With Ubuntu 18.04 (Bionic Beaver) now released I thought I’d document a couple of features that are available and how to install the release both as a dual boot (e.g. along side Windows) and as an entire disk (single boot) installation.
Your starting point will be to download the official Ubuntu ISO (http://releases.ubuntu.com/bionic) and you will need the 64-bit desktop ISO (ubuntu-18.04-desktop-amd64.iso). Depending on your device it may be first be necessary to respin the ISO using my isorespin.sh script in order to boot and install (for Intel Atom and Intel Apollo devices see ISOs for examples).
Once you have your ISO it is necessary to write it to an USB to create an installation USB often known as a LiveUSB as not only can you install Ubuntu from it but you can also run Ubuntu for diagnostic, testing and fixing and existing installation.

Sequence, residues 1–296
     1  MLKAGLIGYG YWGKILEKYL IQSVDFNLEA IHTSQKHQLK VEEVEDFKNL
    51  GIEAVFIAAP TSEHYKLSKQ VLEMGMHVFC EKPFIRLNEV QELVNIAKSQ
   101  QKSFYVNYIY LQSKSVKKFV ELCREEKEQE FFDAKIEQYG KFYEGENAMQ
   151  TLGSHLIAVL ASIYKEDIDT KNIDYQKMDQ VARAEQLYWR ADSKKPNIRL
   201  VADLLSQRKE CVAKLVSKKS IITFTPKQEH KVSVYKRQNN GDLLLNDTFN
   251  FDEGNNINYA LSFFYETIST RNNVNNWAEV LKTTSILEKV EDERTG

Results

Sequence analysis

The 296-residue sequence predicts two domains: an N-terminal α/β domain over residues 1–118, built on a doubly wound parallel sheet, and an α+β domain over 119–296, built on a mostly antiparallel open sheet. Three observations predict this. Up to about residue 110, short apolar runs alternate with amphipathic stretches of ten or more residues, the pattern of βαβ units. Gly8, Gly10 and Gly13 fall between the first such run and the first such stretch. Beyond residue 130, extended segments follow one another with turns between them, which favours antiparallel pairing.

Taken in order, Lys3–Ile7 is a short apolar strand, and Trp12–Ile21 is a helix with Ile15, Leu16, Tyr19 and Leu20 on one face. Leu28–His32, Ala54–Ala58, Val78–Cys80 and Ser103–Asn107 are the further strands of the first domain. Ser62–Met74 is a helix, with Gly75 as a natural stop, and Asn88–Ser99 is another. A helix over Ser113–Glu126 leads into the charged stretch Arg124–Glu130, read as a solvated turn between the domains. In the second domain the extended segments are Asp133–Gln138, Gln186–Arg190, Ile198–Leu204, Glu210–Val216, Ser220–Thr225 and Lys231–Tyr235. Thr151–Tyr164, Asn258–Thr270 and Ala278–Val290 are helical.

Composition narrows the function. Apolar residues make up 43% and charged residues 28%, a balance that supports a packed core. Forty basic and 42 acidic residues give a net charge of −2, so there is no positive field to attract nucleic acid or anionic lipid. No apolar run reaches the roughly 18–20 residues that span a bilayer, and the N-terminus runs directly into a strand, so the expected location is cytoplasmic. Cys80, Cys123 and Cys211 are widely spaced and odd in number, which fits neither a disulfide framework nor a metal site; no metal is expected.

There are several ways to write the ISO to USB however I recommend using Rufus on Windows:
or dd on Linux:
dd if=ubuntu-18.04-desktop-amd64.iso of=/dev/sdX bs=4M
where ‘ubuntu-18.04-desktop-amd64.iso’ is your ISO and ‘sdX’ is the USB drive using ‘ls -l /dev/disk/by-id/usb* | head -1 | sed “s?.*/??”‘ to determine this.
Typically you will either want to:
- Install Ubuntu along side Windows (i.e. dual boot)
- Replace Windows (and anything else currently installed) with Ubuntu (i.e. single boot)
- Install Ubuntu on a new device (i.e. single boot)
- Upgrade an existing Ubuntu
and I’ve written a post for each on my blog.
Please donate if you find these guides useful.